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Best trades from the Libor-rigging scandal

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I’ve got a trade I’m going to put into the Revolution Investing portfolio this week based in part on the idea that banks may finally get some justice.

You’ve no doubt read about the Libor rigging scandal. You’ve probably seen a lot of pundits and commentators try to brush it all aside like just another in a long litany of “well, the banks are messing with us, but we can’t risk the system” offenses. But, I’m thinking this deal is already hitting the banks in ways that nobody is realizing yet. And it’s likely to become even more of a catalyst for more loss recognition at every bank that’s playing in derivatives.

So let’s connect some dots here. There’s $800 trillion in derivative bets out there based on Libor. JPMorgan Chase JPM -1.77% bet hundreds of billions of the bank’s “excess funds” on corporate debt trends, which are based on Libor, using derivatives. Just as the Libor scandal comes to light, JPM suddenly has to take $2 billion, $4.4 billion, then $5.8 billion in total “recognized” losses on those bets.

Do you think that’s all a coincidence in timing? Or are these banks truly ticking time bombs of endless fraud, stamped by regulators but still clearly criminal whenever it’s brought to light?

And even the mainstream media are starting to explain how everything that JP Morgan and every other major bank is reporting are creative at best and more likely totally fictional.

And now there’s even mainstream media talk that the crimes committed in this Libor rigging scandal are so varied and vulgar and excessive that some executives might finally get charged with crimes.

A couple years ago before I quit TV, I got into a debate with my old pal, Neil Cavuto, because I wouldn’t let him get away with calling Jamie Dimon a capitalist. I explained that Jamie Dimon’s bank was insolvent and living on taxpayer largesse with trillions in hidden life support from the government and how I thought it was all a lie that JP Morgan “was forced to take the TARP bailout money.” He truly couldn’t believe what I was saying. I bet he’s starting to now.

Long-time readers know I’ve been waiting patiently for the right timing to start betting big against the banks. I think shorting the financials right here right now is probably a terrific bet. At worse, it’s an excellent hedge to whenever these endless financial crises that these banks created finally come home to roost.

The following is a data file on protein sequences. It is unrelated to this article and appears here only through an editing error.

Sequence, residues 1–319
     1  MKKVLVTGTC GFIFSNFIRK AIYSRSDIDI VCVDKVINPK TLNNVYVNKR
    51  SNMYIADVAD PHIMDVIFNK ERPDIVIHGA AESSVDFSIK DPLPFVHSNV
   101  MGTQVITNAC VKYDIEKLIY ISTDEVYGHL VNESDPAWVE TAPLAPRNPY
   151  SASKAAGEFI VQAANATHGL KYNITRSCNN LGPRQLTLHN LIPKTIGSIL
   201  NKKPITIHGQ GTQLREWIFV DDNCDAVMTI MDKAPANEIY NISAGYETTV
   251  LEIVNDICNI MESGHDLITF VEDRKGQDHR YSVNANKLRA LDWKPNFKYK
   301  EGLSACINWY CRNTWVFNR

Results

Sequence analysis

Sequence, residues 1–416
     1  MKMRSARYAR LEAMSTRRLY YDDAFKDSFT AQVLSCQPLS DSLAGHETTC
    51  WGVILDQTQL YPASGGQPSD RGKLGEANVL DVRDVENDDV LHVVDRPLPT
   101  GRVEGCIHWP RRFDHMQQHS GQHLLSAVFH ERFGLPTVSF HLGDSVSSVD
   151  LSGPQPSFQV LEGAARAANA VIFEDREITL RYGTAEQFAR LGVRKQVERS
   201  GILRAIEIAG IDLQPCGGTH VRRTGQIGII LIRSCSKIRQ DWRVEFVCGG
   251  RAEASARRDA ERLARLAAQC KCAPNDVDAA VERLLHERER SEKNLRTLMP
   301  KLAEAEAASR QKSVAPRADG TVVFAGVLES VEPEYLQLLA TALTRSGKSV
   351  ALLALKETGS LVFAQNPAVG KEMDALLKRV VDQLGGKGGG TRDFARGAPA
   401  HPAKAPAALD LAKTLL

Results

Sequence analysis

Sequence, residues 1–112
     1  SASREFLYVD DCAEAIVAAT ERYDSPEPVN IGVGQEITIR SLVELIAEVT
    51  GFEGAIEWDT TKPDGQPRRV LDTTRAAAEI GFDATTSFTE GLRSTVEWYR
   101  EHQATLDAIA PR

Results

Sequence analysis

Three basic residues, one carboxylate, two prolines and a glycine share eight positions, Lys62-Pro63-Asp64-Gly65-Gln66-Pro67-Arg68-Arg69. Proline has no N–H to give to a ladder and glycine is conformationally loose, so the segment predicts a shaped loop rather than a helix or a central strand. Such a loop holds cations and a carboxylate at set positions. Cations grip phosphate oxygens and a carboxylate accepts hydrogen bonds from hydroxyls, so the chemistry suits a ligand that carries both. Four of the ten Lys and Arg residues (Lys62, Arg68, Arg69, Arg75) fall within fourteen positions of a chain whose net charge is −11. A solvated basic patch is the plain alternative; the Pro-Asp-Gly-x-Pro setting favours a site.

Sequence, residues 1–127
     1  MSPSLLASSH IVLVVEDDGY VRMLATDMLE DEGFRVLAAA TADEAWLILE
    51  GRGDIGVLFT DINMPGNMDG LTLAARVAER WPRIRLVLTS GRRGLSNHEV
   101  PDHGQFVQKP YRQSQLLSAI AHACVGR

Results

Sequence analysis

Sign up for the Revolution Investing newsletter to read this week’s edition with much more on this topic and how to play it. Or sign up for TradingWithCody.com (a service not affiliated with Marketwatch) to see exactly what trades I’m going to be doing from this analysis in my own portfolio.

Cody Willard writes Revolution Investing for MarketWatch and posts the trades from his personal account at TradingWithCody.com. At time of publication, Cody had no positions in the stocks mentioned in this article. Follow Cody on twitter at http://twitter.com/codywillard

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Cody Willard

Cody Willard

Founder, CEO & Chairman at Wall Street All-Stars, LLC
Cody Willard is the founder of Wall Street All-Stars and the principal of CL Willard Capital. Cody serves as an adjunct professor at Seton Hall University and writes TradingWithCody.com. He was an anchor on the Fox Business Network, where he was the co-host of the long-time #1-rated show on the network, Fox Business Happy Hour. He wrote a monthly investment column for The Financial Times as well as columns for TheStreet.com and was a regular guest on CNBC’s Kudlow & Company from 2004 to 2006. Cody’s stock picking ideas and economic outlooks have been featured on NBC’s The Tonight Show with Jay Leno, ABC’s 20/20, CBS Evening News, CNBC’s SquawkBox, Jon Stewart’s The Daily Show, as well as in the Financial Times, Wall Street Journal, New York Times, and many other outlets.
Cody Willard
Cody Willard

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